Other preventive therapies such as cotrimoxazole prophylaxis (Anglaret et al., 1999106, Wiktor et al., 1999107 Sassan-Morokro et al., 1998108) have also been shown to prevent morbidity in PLHA in some settings (seropositive TB patients in Cd’Ivoire and Senegal). Cotrimoxazole is cheap, easy to administer and requires minimal monitoring. UNAIDS has recommended that it should be made more widely available to PLHA.

Family planning services

Referral for other services, such as contraception, can help couples (both seropositive and seronegative) make informed decisions about family planning methods and having children (Pugh et al., 1998109). In many high-prevalence countries the desire to have children is strong and there have been no significant differences in the uptake of family planning services for seropositive and seronegative women. In Rakai, Uganda, 13% of positive women and 12% of negative women used female-controlled family planning following VCT (Lutalo et al., 2000110).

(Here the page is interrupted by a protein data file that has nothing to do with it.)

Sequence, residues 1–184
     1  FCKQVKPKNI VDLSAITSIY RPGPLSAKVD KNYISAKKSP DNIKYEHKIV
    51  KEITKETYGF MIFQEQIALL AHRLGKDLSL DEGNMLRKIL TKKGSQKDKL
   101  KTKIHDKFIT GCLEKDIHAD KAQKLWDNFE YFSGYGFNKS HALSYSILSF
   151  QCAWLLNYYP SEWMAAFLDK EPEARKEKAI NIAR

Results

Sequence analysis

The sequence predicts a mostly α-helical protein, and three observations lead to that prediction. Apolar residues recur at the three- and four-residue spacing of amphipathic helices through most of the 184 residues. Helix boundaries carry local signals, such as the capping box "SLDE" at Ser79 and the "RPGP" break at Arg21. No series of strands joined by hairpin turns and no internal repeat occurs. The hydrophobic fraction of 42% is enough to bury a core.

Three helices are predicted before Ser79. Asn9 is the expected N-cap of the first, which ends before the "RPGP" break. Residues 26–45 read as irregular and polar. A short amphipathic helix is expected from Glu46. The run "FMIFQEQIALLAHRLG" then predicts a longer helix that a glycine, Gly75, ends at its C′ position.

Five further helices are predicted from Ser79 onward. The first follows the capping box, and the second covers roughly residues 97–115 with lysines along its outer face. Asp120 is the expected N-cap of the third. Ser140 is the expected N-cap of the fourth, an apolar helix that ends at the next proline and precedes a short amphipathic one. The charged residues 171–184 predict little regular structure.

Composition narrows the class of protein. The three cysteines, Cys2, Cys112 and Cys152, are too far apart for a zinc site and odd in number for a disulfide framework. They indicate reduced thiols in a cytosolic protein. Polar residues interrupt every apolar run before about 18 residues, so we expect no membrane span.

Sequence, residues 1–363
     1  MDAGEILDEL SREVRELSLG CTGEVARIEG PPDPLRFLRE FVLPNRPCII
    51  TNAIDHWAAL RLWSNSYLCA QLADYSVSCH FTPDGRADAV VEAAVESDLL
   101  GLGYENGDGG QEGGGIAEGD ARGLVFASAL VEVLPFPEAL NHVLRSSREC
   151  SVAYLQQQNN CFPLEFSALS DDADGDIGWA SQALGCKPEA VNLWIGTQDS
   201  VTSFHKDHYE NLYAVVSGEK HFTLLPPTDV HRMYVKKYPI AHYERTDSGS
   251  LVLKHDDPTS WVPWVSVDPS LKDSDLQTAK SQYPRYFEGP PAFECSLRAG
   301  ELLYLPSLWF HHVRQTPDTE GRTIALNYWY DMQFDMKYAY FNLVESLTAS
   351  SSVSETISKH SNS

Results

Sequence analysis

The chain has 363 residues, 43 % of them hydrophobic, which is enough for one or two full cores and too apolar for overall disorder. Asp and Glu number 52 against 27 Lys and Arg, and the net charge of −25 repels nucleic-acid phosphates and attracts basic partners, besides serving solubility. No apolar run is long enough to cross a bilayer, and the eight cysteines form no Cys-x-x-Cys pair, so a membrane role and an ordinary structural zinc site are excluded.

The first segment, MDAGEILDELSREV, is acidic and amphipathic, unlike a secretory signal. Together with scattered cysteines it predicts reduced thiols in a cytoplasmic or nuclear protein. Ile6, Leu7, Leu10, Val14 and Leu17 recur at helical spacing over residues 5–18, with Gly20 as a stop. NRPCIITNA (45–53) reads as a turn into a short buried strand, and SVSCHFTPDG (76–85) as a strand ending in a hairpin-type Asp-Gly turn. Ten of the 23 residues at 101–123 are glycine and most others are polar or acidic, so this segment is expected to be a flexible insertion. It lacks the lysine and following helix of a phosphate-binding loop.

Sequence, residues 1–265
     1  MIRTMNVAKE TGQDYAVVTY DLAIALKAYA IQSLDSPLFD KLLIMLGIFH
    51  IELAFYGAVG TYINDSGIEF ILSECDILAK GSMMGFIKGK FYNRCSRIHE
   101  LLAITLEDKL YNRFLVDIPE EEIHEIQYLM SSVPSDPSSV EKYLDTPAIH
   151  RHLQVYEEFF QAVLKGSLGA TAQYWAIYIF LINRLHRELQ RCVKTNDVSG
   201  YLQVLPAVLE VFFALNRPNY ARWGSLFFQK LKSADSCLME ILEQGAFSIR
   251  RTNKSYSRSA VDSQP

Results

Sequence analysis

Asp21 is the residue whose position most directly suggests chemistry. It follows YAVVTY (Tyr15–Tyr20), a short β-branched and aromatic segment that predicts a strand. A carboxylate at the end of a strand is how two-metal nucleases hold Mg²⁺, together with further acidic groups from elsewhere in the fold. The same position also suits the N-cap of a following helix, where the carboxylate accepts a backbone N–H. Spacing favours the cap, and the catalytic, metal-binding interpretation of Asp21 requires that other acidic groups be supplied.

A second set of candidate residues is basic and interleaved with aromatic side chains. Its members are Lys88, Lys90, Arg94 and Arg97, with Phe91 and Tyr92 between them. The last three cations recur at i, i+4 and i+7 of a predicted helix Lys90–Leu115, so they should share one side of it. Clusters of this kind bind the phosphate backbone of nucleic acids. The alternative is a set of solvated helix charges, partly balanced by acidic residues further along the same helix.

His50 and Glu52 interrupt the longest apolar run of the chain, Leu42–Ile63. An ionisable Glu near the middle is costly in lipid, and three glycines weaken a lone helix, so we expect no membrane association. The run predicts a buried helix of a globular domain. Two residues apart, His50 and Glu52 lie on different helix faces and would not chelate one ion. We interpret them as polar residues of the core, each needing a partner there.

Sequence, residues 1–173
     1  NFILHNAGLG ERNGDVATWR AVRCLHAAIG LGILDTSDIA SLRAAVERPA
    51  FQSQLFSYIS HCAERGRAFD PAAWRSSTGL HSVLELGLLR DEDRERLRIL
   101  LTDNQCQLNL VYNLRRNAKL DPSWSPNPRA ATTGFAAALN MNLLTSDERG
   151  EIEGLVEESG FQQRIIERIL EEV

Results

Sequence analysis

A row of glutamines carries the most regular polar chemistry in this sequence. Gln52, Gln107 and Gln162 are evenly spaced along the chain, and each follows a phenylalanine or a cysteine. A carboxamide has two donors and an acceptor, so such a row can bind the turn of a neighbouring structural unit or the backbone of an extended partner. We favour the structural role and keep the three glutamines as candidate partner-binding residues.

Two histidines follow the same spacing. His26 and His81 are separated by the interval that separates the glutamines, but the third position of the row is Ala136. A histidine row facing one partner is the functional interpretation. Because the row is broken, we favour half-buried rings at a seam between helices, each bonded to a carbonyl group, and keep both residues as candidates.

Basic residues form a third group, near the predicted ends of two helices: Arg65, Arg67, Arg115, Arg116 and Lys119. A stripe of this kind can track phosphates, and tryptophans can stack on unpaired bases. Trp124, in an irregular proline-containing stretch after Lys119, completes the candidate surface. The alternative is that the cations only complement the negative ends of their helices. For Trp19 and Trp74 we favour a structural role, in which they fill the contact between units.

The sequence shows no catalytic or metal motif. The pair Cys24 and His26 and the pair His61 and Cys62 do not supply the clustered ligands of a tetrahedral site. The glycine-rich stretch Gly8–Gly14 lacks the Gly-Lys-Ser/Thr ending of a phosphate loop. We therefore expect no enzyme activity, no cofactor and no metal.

Ongoing medical care

One of the most valued services offered to people following VCT at Kara, Zambia, was the provision of basic, ongoing medical care for the treatment of HIV-associated infections (Baggaley et al., 1998). Similar findings were evident from The AIDS Support Organization (TASO), Uganda, evaluation.

Complementary medical services

In many countries where ARVs are not available because of cost and lack of laboratory infrastructure PLHA may have symptomatic benefit from complementary/traditional medicines (Gouskov, 2000111). However, sometimes counsel-lors may have a role in challenging unrealistic beliefs about complementary therapies or assisting clients in discussing the pros and cons regarding decisions about allocating limited family resources to these therapies.